Two members of the Oklahoma Pardon and Parole Board have been repeatedly targeted by district attorneys from across the state in an attempt to keep them from hearing cases of prisoners who are trying to have their sentences shortened.
District attorneys have repeatedly sought the recusal of Pardon and Parole Board members Adam Luck and Kelly Doyle since the two were appointed to the board by Gov. Kevin Stitt in February 2019, according to interviews and records released to The Frontier.
Oklahoma County District Attorney David Prater went a step further and sued the the board in March, alleging it broke state law by failing to notify district attorneys across the state of prisoners’ pending commutation requests.
The increased pressure from district attorneys comes as the Pardon and Parole Board is playing a more pivotal role than ever in the criminal justice system in Oklahoma. Board members told The Frontier that commutation requests have skyrocketed since 2019, when a new law created an expedited commutation process to release inmates who were in prison for low-level felonies that would now be considered misdemeanors.
The recusal requests mostly center around work done by Doyle and Luck outside of their roles on the Pardon and Parole Board, which some district attorneys claim create conflicts of interest.
Doyle is the deputy executive director of the Center for Employment Opportunities, a national nonprofit organization that helps people with criminal convictions find jobs.
Luck is the CEO of City Care, a nonprofit that provides transitional housing for the homeless and operates the Oklahoma City day shelter. He also serves on the board of trustees for the Center for Employment Opportunities and previously served as the Oklahoma state director for Right on Crime, a national criminal justice reform campaign launched by the conservative think tank Texas Public Policy Foundation.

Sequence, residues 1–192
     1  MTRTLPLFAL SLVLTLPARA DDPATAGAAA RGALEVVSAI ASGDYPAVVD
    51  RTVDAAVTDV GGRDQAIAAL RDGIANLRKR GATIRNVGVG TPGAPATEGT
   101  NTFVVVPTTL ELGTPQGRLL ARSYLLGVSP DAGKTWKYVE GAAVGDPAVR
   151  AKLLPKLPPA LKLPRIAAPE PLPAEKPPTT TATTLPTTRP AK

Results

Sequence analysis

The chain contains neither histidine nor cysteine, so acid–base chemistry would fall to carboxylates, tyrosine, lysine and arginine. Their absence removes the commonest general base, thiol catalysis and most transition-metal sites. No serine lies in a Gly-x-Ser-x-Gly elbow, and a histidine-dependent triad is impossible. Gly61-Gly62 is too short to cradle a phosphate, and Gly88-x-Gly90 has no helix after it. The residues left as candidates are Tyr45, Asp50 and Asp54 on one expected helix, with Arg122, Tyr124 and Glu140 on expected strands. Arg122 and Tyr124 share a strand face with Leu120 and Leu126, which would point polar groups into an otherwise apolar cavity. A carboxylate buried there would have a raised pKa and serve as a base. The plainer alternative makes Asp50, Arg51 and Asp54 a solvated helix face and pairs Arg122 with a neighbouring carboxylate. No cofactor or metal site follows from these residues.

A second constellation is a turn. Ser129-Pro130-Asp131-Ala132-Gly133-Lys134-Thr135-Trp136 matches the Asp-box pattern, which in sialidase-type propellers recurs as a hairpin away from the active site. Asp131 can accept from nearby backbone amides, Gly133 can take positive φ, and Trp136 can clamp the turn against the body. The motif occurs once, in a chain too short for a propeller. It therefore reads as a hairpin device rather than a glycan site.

It’s those backgrounds that have apparently caught the eye of district attorneys across Oklahoma.
The Center for Employment Opportunities exists in 30 cities, including Tulsa and Oklahoma City, across 11 states, according to its website. Originally begun in the 1970s as an offshoot of the Vera Institute of Justice, CEO separated in 1996 as an independent nonprofit organization. The agency says on its website that it has “made more than 34,000 placements into full-time employment for individuals who were formerly incarcerated.”
The recusal requests shared with The Frontier all share similar language, accuse Luck and Doyle of the same conflicts of interest and frequently use identical wording.
District Attorney Angela Marsee sent a letter to the Pardon and Parole Board in July 2020 that sought the recusal of Doyle from five separate cases. Marsee, whose district includes Washita, Roger Mills, Ellis, Custer, and Beckham counties, said Doyle’s work with CEO “creates an obvious conflict of interest.”
Marsee compared Doyle’s work with inmate reintegration to using her office “for private gain.”
“The mission of (CEO) is not in question, but … any reasonable person could question your bias based upon your current employment with CEO,” Marsee wrote.
A spokesman for CEO told The Frontier they had no comment on the issues between Doyle, Luck and district attorneys.